The Night

Steffan Strandberg, International Premiere (Norway)

A beautifully animated and bittersweet Norwegian film about two brothers and their upbringing with an alcoholic mother and musician father.

Two young boys grow up with an alcoholic mother. The sad story, however, is presented in beautiful, bittersweet animations and with plenty of nuances in a film where the now adult filmmaker Steffan Strandberg looks back at his childhood. He and his brother are marked by their common upbringing, where the mother would rather drink beers with her long-haired friends than take care of them. The close ties, the difficult past and the will to let the wounds heal make up the core of ‘The Night’, where the boys wait for their travelling musician father to – maybe – come back and fetch them in the middle of the night. Nothing shall be revealed here, but there is a very special will to learn from the past, to look ahead and to take care of one’s life in the Strandberg brothers’ shared story, which will no doubt reverberate in anyone who has come close to suffering neglect – and everyone who likes a good story told from the heart.

A Good week for Democracy

Cecilia Björk, International Premiere (Sweden)

A sharp, funny and insightful film about a Swedish political meeting for the people.

The idyllic Almedalen on the Swedish island of Gotland has been the location of a week-long political meeting for the people since 1968. Here, thousands of politicians, press people and not least PR executives meet every summer to discuss what preoccupies us. And to be seen. For politics is (also) about self-presentation, and we are there both in front of the stage and behind the scenes in a sharp, funny and informative film about the dubious state of modern democracy in the age of Facebook and fake news. The camera keeps rolling when everyone else turns their gaze away, and captures both the absurdity of the perfect surface and the true commitment of the elected politicians. Cecilia Björk’s clear-sighted film is an intelligent visual analysis of the political establishment and its interplay with the media. An echo chamber of overlapping interests and a market place of opinions, where one has to make an effort to be heard. A good week for democracy? See for yourself.

Waiting for Barcelona

Juho-Pekka Tanskanen, World Premiere (Finland)

Love affairs, friendships and the police on his heels. One of Europe’s young homeless men lets us into his life on Barcelona’s streets.

Barcelona’s labyrinthine streets are the epitome of romantic city life – as long as you don’t live on them. But 27-year-old Mou does – he left his homeland as a 12-year-old and has since lived a homeless life around Las Ramblas. But Mou is not just streetwise, he is also a popular man and his friends’ friend. A love affair with a Spanish girl gives him hope of a new life – and a happy ending? – but the past and the mental pressures of an impossible situation catch up with his otherwise so positive spirit. An upbeat film about one of Europe’s invisible lives, filmed at street-level in graphic black and white, reminiscent of the social-realist and political tradition of street photography. The Finnish filmmaker Juho-Pekka Tanskanen adroitly avoids ‘giving Mou a voice’ – for Mou already has one. ‘Waiting for Barcelona’ is a portrait at eye-level with Mou himself, where politics is rooted in the tough personal experiences from the tourist-filled streets.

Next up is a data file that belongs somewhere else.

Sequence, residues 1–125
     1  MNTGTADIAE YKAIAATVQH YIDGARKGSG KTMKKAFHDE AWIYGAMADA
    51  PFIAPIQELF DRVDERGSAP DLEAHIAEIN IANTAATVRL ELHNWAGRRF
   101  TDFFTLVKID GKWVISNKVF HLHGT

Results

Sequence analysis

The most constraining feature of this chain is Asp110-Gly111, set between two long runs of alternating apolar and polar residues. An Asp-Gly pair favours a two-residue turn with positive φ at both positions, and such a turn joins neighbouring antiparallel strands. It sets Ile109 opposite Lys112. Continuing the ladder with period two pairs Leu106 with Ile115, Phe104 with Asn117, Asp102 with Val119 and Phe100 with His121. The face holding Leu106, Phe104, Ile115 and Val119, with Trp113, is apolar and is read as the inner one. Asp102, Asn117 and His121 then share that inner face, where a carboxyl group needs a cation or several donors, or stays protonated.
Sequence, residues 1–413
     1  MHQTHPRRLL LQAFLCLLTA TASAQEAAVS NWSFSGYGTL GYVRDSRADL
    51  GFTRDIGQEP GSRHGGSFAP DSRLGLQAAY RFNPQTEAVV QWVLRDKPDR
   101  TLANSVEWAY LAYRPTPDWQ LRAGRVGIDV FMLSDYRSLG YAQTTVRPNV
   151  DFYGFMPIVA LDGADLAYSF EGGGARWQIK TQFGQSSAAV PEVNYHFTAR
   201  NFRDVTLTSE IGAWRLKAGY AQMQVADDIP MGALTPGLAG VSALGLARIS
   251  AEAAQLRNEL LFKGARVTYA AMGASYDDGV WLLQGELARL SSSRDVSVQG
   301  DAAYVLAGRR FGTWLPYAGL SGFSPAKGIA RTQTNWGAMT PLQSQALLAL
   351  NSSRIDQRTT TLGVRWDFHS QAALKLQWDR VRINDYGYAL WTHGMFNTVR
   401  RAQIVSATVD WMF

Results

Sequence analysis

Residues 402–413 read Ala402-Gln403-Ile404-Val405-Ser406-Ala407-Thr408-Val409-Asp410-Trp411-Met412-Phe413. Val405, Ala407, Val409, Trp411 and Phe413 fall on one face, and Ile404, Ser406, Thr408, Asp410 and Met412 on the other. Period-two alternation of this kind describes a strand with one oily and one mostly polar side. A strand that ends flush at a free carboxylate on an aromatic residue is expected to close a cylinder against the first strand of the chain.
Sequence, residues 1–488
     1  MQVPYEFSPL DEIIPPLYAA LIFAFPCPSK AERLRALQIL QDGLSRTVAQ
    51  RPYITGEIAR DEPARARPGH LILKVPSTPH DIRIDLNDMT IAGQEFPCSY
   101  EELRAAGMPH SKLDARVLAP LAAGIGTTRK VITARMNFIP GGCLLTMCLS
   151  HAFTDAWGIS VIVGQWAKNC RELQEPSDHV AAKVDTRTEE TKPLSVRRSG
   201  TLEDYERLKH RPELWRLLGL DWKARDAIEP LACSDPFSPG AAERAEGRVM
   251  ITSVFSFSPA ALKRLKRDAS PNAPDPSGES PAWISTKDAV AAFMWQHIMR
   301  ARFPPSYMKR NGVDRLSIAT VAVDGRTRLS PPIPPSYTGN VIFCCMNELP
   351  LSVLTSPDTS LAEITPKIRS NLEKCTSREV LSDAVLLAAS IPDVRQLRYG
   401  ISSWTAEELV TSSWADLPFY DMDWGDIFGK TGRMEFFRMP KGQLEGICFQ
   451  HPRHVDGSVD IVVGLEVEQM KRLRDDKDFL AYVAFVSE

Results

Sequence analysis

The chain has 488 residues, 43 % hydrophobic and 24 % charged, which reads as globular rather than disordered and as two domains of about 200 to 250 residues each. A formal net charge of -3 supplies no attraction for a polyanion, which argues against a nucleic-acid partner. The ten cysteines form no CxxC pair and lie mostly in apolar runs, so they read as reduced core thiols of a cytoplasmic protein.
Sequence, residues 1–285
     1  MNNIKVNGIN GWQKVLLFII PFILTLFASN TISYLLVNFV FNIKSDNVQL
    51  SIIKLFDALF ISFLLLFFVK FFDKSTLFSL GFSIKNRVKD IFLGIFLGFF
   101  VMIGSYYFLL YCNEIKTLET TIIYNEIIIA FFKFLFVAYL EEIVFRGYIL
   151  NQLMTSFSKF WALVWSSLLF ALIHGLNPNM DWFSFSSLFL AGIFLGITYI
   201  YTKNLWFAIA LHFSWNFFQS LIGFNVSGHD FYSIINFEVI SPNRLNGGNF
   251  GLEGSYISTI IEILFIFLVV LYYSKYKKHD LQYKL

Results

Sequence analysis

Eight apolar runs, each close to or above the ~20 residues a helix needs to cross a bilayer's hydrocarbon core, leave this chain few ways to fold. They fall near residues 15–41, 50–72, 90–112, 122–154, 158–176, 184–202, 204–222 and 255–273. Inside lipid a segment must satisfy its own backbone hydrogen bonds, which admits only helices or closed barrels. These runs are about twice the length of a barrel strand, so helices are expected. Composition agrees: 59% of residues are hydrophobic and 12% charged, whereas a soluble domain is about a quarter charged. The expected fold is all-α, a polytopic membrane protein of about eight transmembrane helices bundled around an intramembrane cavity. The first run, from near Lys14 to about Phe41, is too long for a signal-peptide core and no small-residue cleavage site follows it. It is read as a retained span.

Eastern Memories

Niklas Kullström, Martti Kaartinen, International Premiere (Finland)

Past and present meet in an epic road movie through Central Asia to Japan. Adventure and intrigues, life and death, the downfall of nations – told by a dead Finn.

At the beginning of the 20th century, when there were still empty spots on the world map, the Finnish philologist G.J. Ramstedt travelled through Central Asia to Japan. Like a true adventurer, he wrote a diary in the pompous style that we hear on the soundtrack, while the contrast to today’s landscapes and, especially, cities is highlighted in the film’s imagery shot during the two Finnish filmmakers’ journey in his footsteps. ‘Eastern Memories’ is both an essay film and a magnificent travel film, which spans over ten thousand kilometres and has a hundred years of historical experiences in its luggage. The duo Niklas Kullström and Martti Kaartinen have created a breathtaking film with an edge of bone-dry Finnish humour – told, as it is, by a dead Finn from the cold North on the fringes of the Mongolian steppes. The landscapes become the canvas on which fantasy and expectation can paint their dreams of greatness and adventure.

Maj Doris

Jon Blåhed, International Premiere (Sweden)

Nights with northern lights and clear frosty mornings in beautiful scenes from the life of a completely amazing 74-year-old woman.

Some people have a special ability to live their life to the fullest and to be present in everything they do. One of them is the 74-year-old artist Maj Doris, who has travelled around the world and today lives on her own in a small house in the beautiful northern Swedish wilderness, where the northern lights undulate across the mountains. Alone, and yet. As a sought-after artist with exhibitions and a genuine interest in young people, it is natural for her to be surrounded by people. A young, Afghan man helps her out on the farm. To show her gratitude, she entertains him and his friends at the local burger bar about the time when she discovered rock n’ roll! The passing of time and of life in general in the frosty expanses follows its own rhythm in Jon Blåheld’s sensual and beautiful film. One almost feels a form of gratitude for being able to join her in her living room, when she with deep concentration lies in her bed and smokes a cigarette, while listening to a young woman singing on a record. A fantastic person in a gorgeous, close-up portrait.